Monday, March 29, 2010

The End

Well, the last weekend of March was beautiful. A little rain, but balanced with some sun and warmer temperatures. Saturday, thanks to family, we got our hay barn finished.

Next thing I need to do is order some gravel to place inside of the barn, just a few minor checks and adjustments and it is ready to put hay in, however, our tractor is currently residing inside the barn.

Sunday, I took my Working goat project group for a short hike. It's the first hike for this year, so we all have lots of conditioning to do with our goats. Three of the kids have kinder wethers for their pack animal and the fourth (my son Tyler) has a 1/2 Kinder and 1/2 cashmere wether which was our first bottle baby. The three black ones are from a set of quads I raised last year on a bottle, the fourth I sold for a breeding buck. This is the start of our hiking and packing season, for the rest of the summer, we have adopted a trail from the Missouri Conservation Dept. which we will check and maintain monthly. May and possibly September the pack group will have an over night campout there.

Last year was my first campout with goats, roughing it", in a tent, with no bathrooms or running water. It was an experience for all, I read a lot on North American Packgoat Assoc. website, then I had to convince the other goat people goats could be tethered safely on a picket line or on individual stakes. One person offered to bring their trailer to put the goats in over night, but I did point out that most would have their mode of transporting their own goat there and could use that if needed. All goats were staked out overnight with no problems or anything close to a problem. I had mine staked as close to my tent door as I could without them stepping on the tent or chewing on the tent, or soiling tent in some manner. They talked to me until quiet late that night but eventually we all got some rest. As much as you can in a sleeping bag on hard packed dirt, in a tent with two young boys and a tent full of young girls next door.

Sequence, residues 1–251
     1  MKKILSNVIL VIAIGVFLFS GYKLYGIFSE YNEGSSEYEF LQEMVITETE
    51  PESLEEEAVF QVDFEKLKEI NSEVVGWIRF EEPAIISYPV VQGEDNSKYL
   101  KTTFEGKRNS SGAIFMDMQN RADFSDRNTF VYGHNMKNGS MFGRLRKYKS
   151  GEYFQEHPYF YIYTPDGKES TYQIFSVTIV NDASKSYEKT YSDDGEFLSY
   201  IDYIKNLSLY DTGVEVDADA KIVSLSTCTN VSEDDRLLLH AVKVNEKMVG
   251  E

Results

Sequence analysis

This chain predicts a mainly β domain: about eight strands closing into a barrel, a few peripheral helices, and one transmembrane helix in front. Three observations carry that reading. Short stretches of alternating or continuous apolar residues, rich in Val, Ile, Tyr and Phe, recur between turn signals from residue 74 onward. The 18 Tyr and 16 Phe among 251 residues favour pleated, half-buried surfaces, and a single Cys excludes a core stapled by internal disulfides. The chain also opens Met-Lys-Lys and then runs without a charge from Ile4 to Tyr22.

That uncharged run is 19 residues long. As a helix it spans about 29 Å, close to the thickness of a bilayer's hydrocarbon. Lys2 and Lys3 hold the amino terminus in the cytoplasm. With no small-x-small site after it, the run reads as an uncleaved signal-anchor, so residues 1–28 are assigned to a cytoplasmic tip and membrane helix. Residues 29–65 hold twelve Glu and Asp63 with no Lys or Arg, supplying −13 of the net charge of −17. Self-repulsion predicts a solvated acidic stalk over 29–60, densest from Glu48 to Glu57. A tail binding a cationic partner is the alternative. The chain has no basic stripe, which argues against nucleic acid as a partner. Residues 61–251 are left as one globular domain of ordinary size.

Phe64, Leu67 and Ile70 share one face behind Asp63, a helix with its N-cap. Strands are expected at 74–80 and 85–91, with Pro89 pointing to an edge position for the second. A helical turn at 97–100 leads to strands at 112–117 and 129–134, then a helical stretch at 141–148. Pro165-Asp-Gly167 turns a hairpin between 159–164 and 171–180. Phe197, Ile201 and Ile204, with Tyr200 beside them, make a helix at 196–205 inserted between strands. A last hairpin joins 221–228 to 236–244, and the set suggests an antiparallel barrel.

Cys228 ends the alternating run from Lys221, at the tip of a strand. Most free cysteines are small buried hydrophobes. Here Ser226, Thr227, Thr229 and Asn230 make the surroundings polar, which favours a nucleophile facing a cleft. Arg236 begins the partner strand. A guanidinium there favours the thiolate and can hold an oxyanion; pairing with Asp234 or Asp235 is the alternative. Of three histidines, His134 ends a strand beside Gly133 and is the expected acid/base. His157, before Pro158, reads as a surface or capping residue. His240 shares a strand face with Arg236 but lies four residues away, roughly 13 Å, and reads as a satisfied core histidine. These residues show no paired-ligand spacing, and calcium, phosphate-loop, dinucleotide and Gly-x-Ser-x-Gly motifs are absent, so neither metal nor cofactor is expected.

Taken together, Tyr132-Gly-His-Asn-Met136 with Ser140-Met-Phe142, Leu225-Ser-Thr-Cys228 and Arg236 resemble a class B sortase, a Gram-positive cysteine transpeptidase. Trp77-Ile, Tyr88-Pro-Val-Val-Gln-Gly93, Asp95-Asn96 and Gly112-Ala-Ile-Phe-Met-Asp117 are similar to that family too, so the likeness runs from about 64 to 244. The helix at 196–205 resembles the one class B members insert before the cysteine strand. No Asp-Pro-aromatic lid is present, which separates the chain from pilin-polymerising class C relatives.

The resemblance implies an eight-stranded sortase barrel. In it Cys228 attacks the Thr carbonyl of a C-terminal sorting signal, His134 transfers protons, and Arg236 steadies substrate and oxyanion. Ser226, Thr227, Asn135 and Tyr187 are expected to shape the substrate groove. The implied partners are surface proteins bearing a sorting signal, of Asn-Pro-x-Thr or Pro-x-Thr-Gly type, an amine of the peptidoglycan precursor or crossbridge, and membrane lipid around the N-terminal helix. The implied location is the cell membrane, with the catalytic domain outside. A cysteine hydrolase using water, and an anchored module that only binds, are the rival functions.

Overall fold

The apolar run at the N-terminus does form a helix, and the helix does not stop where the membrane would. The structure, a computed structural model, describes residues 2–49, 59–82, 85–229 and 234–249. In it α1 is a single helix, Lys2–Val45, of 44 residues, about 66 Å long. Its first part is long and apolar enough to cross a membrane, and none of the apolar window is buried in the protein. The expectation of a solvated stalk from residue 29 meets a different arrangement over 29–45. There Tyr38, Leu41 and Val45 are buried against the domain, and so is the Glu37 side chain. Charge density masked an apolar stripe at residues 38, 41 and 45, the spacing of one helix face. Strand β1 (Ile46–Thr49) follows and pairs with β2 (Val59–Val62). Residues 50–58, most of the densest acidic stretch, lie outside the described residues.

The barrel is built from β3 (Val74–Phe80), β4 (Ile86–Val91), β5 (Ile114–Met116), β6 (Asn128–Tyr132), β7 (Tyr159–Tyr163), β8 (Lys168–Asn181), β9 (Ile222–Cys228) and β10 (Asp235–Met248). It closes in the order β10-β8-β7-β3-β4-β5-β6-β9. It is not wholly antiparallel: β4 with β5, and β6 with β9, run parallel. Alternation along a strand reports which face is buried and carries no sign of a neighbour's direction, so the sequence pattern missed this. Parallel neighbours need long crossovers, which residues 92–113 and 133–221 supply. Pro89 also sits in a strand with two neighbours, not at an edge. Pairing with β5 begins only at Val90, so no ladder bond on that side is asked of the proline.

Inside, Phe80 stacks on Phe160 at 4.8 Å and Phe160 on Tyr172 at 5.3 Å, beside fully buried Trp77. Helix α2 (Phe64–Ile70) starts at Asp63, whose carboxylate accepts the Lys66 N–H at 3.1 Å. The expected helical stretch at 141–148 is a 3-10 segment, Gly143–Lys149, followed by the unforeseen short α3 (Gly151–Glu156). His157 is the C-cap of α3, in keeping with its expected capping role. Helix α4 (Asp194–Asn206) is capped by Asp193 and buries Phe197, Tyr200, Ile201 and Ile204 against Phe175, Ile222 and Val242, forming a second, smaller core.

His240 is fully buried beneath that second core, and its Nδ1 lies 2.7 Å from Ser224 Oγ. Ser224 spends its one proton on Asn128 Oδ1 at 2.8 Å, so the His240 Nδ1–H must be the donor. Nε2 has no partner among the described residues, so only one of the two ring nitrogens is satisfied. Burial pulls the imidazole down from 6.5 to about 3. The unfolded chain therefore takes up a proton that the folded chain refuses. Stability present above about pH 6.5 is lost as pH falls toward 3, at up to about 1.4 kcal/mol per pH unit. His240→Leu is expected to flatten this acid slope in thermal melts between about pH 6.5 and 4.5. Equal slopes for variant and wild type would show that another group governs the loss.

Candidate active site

Since the doeling who arrived a week ago Sunday, there have been four more babies this week, two sets of twins both sets of boy/girl and both out of my young buck THF Snickerdoodle. I decided on the name, Tiramisu, for my first doeling, the next buckling looked just like his daddy so I have named him Caboodle, he is with his mom but mom misplaced his sister and being a first time mom didn't realize she had two babies to care for, so Ginger Snap is in the living room when my husband isn't cuddling with her on the couch or feeding her a bottle.
Here's a picture of the proud new daddy, THF Snickerdoodle.
This Saturday, April 3, will be opening day at the Boone County Farmer's Market. I have to be there to set up by 7:00 a.m. No sleeping in this weekend either. I will get to celebrate Easter with my husband and my in-laws and then Monday, April 5 my hubby leaves for the armory in Lebanon, MO to get ready to mobilize to Iran for approximately 12 months sometime in the next few weeks. Looks like it will be a very busy summer. Happy kidding all, and look me up at the Kinder Shows this year. Montgomery County Fair in June and MO State Fair in August.

Sunday, March 21, 2010

This has been a wild weekend. Friday with beautiful weather we started our hay barn. We are putting up a hoop shelter to store hay in this year. We had been using tarps as we've needed more hay storage but this year we lost half of our hay to mold and mildew. So we are setting up a hoop barn for next year. We got our frames up Friday and our family came Saturday to give us a hand, unfortunately, one who was there was Mother Nature and she brought snow! Not really helpful. But we made good progress, hopefully next weekend we'll be able to get the barn finished.